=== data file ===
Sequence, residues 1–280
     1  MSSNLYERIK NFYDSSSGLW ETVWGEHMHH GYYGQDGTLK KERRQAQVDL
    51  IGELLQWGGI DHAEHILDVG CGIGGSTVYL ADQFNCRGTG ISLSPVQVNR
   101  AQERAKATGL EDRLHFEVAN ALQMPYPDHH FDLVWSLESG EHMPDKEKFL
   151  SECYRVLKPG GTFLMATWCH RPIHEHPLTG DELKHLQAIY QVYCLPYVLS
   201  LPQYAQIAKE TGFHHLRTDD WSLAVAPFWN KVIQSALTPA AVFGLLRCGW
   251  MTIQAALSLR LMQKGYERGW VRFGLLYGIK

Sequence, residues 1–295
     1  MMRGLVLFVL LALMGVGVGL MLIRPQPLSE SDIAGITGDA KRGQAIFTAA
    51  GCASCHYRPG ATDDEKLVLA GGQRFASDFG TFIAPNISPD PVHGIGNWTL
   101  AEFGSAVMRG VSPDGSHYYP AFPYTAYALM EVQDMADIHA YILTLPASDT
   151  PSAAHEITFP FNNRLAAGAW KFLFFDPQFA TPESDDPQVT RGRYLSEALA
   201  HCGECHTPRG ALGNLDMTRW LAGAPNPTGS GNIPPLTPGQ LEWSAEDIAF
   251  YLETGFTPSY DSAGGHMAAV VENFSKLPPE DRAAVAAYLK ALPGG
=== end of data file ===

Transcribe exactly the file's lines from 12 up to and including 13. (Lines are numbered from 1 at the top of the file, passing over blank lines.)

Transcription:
   151  PSAAHEITFP FNNRLAAGAW KFLFFDPQFA TPESDDPQVT RGRYLSEALA
   201  HCGECHTPRG ALGNLDMTRW LAGAPNPTGS GNIPPLTPGQ LEWSAEDIAF